This topic is adapted from PursueGOD Network YouTube channel. This is part 1 of several in the Insights from Pastors’ Wives series.
One issue facing pastor’s wives is the expectations others place on us and we place on ourselves. Sally was an active church member much of her life, but more recently married a pastor. So she reflects on expectations from both perspectives. Tracy reflects as the wife of a church planter who has grown with the church.
What Women in the Congregation May Expect
As a church attender, Sally expected that she would have a deep connection with her pastors’ wives. She thought they should be available to her on the spot. She was very involved in the church, so she expected them to know her well. But reflecting back, she realizes that this was not always fair on them. Pastors’ wives need boundaries. They can’t be available to anyone outside of church gatherings. Sally is an extrovert, but realized that perhaps a pastor’s wife might be an introvert. Her choices about who to spend time with may not be about anything more than a difference in personality. As a pastor’s wife now, Sally can see people’s expectations from the others side, and understands that boundaries and good and appropriate.
Tracy was a young mom when she and her husband planted the church, so what she could offer was limited. Now her expectation of herself has changed. She has the time and margin to serve in many ways. But not every pastor’s wife does.
What You May Expect of Yourself
Every pastor’s wife must find her own role, based on her gifts, personality, and life stage. Sometimes you would like to do it all, but that’s not realistic. Sally’s role suits my personality. Her husband speaks at a different campus every week. So as an extrovert, her role is to engage people in the moment. Her outgoing personality helps her (and him) to connect readily with people they don’t see very often, and to direct people to someone at the campus who can do more with and for them. If she were at the same location every week, she would have to set boundaries in a different way. Her role would probably be more involved in week-to-week ministries. She would have to learn to communicate her boundaries more clearly.
What Your Spouse May Expect of You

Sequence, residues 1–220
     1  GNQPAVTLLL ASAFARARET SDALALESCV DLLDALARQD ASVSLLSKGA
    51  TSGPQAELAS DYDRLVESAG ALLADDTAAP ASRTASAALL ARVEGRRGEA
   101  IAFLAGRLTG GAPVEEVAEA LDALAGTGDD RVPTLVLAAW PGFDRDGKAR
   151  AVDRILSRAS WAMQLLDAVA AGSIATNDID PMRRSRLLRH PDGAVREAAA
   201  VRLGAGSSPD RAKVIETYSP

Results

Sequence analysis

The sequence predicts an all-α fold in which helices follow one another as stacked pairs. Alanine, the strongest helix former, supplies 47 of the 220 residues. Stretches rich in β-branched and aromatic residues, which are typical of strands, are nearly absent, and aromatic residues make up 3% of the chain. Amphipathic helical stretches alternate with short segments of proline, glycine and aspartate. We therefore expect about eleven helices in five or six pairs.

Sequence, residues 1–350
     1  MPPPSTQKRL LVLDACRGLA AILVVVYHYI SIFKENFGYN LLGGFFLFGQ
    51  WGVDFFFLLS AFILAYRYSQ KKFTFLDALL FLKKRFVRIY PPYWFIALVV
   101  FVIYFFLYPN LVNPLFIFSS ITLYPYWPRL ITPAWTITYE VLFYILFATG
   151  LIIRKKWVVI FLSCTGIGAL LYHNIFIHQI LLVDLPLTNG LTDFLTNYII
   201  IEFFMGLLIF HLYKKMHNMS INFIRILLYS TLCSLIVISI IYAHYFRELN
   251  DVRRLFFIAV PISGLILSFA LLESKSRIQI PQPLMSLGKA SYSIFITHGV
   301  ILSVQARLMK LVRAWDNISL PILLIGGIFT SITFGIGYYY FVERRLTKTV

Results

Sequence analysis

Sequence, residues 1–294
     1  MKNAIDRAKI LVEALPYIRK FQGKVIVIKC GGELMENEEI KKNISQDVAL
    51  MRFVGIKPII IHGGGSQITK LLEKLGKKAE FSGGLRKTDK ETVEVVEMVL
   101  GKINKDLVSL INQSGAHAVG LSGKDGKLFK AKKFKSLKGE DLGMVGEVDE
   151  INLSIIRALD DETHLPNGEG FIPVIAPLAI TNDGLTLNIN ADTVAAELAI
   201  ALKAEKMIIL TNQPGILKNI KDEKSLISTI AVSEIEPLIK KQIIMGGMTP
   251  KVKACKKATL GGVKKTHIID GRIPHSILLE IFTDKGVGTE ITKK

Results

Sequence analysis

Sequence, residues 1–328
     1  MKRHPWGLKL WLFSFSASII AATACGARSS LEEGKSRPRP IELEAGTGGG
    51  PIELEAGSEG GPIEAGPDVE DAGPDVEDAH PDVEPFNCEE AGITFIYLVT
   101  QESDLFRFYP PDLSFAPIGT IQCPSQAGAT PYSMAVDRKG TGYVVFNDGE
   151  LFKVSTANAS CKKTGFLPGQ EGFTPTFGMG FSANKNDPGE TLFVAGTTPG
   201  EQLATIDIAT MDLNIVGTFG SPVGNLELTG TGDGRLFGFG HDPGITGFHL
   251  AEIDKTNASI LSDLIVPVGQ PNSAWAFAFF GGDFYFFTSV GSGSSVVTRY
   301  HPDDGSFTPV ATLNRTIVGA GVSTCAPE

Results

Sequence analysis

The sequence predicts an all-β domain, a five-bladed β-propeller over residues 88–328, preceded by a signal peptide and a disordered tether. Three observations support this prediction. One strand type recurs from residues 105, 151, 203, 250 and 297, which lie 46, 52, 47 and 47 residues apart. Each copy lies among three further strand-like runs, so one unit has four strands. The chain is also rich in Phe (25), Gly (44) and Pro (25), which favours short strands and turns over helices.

Sally’s husband sees her role as being there to support him. She works full-time outside the church. So he is often concerned to protect her schedule. But sometimes he will make a presumption and won’t ask her if she wants to be involved. They have learned how important it is to communicate and make expectations clear – both his expectations of her and her expectations of him. Ministry roles and life circumstances will change. So couples need to check in together a lot. Take time to review the calendar and communicate about roles and expectations – weekly, if possible.
You will enjoy ministry and be more fruitful if you manage your expectations. Find out what your own expectations are, and be aware of the expectations of other. These will be different for every couple, and they will change over time. So be intentional about communicating together as a couple.
- Watch the video together or invite someone to summarize the topic.
- What is your initial reaction to this video? Do you disagree with any of it? What jumped out at you?
- What are some expectations you have had of leaders in the past? Were they fair or unfair? Explain.
- What expectations have you felt from others? Were they fair or unfair? Explain.
- On a scale of 1 to 10, how much of a people-pleaser are you? How does this affect how you respond to other people’s expectations?
- Are your expectations of yourself higher or lower than the expectations others have for you? Explain.
- How have you learned to set reasonable expectations for yourself based on your unique personality, gifts, or season in life?
- What expectations have you felt from your spouse? Were they fair or unfair? Explain.
- What specific steps do you take to communicate with your spouse about expectations? How could you communicate better?
- Write a personal action step based on this conversation.